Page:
Friday, August 12, 2022

The Kamstrup case at the CAFC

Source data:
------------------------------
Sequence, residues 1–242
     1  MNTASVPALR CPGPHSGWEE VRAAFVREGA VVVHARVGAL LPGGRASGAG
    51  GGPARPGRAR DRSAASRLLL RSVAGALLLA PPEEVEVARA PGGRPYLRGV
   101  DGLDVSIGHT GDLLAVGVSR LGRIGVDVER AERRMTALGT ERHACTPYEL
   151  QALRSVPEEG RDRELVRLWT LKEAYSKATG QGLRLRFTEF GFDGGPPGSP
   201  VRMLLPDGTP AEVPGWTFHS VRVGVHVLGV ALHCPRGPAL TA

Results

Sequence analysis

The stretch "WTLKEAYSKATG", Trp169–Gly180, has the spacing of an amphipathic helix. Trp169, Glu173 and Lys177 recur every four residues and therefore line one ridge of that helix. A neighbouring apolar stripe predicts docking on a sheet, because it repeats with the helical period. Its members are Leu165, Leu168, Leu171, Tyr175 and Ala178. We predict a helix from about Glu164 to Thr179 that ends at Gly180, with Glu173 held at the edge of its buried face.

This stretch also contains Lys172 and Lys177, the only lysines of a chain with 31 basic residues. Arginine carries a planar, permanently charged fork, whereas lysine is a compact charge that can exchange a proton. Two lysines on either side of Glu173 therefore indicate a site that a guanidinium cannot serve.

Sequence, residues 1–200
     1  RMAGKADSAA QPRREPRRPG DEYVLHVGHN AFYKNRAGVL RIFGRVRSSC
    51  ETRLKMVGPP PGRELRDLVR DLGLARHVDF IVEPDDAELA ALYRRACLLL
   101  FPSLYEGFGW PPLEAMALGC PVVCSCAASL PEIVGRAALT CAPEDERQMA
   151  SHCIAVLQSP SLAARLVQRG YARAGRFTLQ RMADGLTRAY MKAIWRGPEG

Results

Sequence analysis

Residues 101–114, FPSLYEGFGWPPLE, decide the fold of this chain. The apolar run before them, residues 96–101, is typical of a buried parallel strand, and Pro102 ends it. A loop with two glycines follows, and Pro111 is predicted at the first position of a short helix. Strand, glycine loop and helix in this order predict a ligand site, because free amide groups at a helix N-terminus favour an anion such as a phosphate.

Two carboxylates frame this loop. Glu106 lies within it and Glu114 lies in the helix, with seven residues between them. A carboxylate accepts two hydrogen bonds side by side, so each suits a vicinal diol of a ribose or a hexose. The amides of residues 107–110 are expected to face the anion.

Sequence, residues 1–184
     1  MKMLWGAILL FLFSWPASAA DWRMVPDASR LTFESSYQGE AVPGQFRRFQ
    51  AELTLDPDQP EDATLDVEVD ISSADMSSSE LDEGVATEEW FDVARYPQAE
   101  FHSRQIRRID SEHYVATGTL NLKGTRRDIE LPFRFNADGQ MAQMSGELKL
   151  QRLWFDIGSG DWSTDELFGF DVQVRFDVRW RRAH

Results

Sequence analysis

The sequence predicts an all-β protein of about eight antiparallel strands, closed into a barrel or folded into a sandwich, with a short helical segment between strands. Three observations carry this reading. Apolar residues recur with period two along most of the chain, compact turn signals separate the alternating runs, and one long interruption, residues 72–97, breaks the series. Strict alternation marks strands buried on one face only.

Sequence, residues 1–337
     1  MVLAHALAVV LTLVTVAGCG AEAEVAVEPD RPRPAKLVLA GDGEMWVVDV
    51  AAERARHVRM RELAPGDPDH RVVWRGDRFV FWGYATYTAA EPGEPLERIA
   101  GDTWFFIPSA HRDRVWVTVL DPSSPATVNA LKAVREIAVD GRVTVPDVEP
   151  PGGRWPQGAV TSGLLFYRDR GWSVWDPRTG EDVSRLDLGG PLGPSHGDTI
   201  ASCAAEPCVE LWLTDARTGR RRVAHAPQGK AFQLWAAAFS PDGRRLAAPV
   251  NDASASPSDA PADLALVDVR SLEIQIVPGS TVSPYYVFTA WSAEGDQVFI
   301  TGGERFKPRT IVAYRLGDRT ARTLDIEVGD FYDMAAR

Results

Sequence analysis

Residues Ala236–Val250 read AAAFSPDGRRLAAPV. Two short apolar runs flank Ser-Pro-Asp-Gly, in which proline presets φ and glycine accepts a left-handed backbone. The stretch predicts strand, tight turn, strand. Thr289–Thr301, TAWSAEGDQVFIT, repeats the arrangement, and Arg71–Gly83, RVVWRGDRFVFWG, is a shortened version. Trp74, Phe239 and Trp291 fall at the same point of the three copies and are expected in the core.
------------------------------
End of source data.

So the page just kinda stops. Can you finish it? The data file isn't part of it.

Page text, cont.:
Kamstrup A/S appeals a final written decision of the Patent Trial and Appeal Board. The Board found claims 1–15 of Kamstrup’s U.S. Patent No. 8,806,957 unpatentable as obvious or anticipated. On appeal, Kamstrup challenges the Board’s claim constructions. In addition, Kamstrup challenges the Board’s anticipation and obviousness determinations largely on the basis that the Board erred in rejecting Kamstrup’s claim construction arguments. We affirm. Kamstrup owns U.S. Patent No. 8,806,957 (the “’957 patent”). The ’957 patent describes ultrasonic flow meters and housings. ’957 patent abstract. The specification discloses that the meters are used for “calculating a consumed quantity of water, heat, cooling, gas or the like.” Id. at 1:27–30. Ultrasonic flow meters include “housing” to protect electronic components, such as a display or battery. Id. at 1:32–38. The ’957 patent is directed to “an ultrasonic flow meter housing in the form of a monolithic polymer structure being cast in one piece.” Id. at 1:58–60. It explains that “the present invention can be fabricated with a reduced number of steps compared to existing meters, since only a single step is used to form the monolithic polymer structure.” Id. at 2:6–9. (...) We review the Board’s legal conclusions de novo and its factual findings for substantial evidence. See ACCO Brands Corp. v. Fellowes, Inc., 813 F.3d 1361, 1365 (Fed. Cir. 2016). Substantial evidence is “such relevant evidence as a reasonable mind might accept as adequate to support a conclusion.” In re Gartside, 203 F.3d 1305, 1312 (Fed. Cir. 2000) (citations omitted). Claim construction is ultimately a question of law that may be based on underlying factual findings. Teva Pharms. U.S.A., Inc. v. Sandoz, Inc., 574 U.S. 318, 332–33 (2015). Thus, we review the Board’s claim constructions de novo and review any underlying factual determinations for substantial evidence. Wasica Fin. GmbH v. Cont’l Auto. Sys., Inc., 853 F.3d 1272, 1278 (Fed. Cir. 2017). (...) Kamstrup argues that the Board erred in construing “cast in one piece” as a product-by-process claim element. A product-by-process claim is one in which a product is claimed, at least in part, by the “process by which it is made.” In re Thorpe, 777 F.2d 695, 697 (Fed. Cir. 1985). Product-by-process claims “enable an applicant to claim an otherwise patentable product that resists definition by other than the process by which it is made.” Id. “In determining validity of a product-by-process claim, the focus is on the product and not the process of making it. That is because of the . . . long-standing rule that an old product is not patentable even if it is made by a new process.” Greenliant Sys., 692 F.3d at 1268 (citations omitted). “As we recognized in Amgen, if the process by which a product is made imparts ‘structural and functional differences’ distinguishing the claimed product from the prior art, then those differences ‘are relevant as evidence of no anticipation’ although they ‘are not explicitly part of the claim.’” Id. (quoting Amgen Inc. v. F. Hoffman-La Roche Ltd, 580 F.3d 1340, 1365–67 (Fed. Cir. 2009)). The specification, the prosecution history, and any extrinsic evidence may enlighten whether structural and functional differences exist. Amgen, 580 F.3d at 1365–67; Purdue Pharma L.P. v. Epic Pharma, LLC, 811 F.3d 1345, 1353–54 (Fed. Cir. 2016). (...) First, even if true, Kamstrup has not identified functional and structural differences between a structure “cast in one piece” and a structure manufactured using another method. Rather, the argument is merely that the claim element describes a manufacturing method with some inherent restrictions. Further, Kamstrup has not identified disclosure in the specification or prosecution history or extrinsic evidence evidencing structural and functional differences. Second, the alleged structural and functional difference that Kamstrup identifies is detached from the claims. The claims state that the structure should be “cast in one piece,” not cast in one mold. ’957 patent at 6:40–42 (emphasis added). The Board correctly found that the written description “focuses on reducing the number of steps required to fabricate the flow meter housing, not on casting in a single mold.” Axioma, 2021 WL 1235790, at *7 (citing ’957 patent at 1:55–57, 2:6–9). While certain figures of the written description, namely Figures 5A and 5B, depict a single mold, the Board correctly found that those embodiments are narrower than the claims—which do not require use of a single mold—and correctly declined to import narrower limitations from the specification to the claims. Id. Substantial evidence also supports the Board’s finding that the extrinsic evidence does not exclusively show that “cast in one piece” means “cast in one mold.” Id. at *8. Consequently, we hold that because Kamstrup fails to show that the process claimed imparts “structural and functional differences” distinguished from the prior art, it is not entitled patentable weight. Greenliant Sys., 692 F.3d at 1268.


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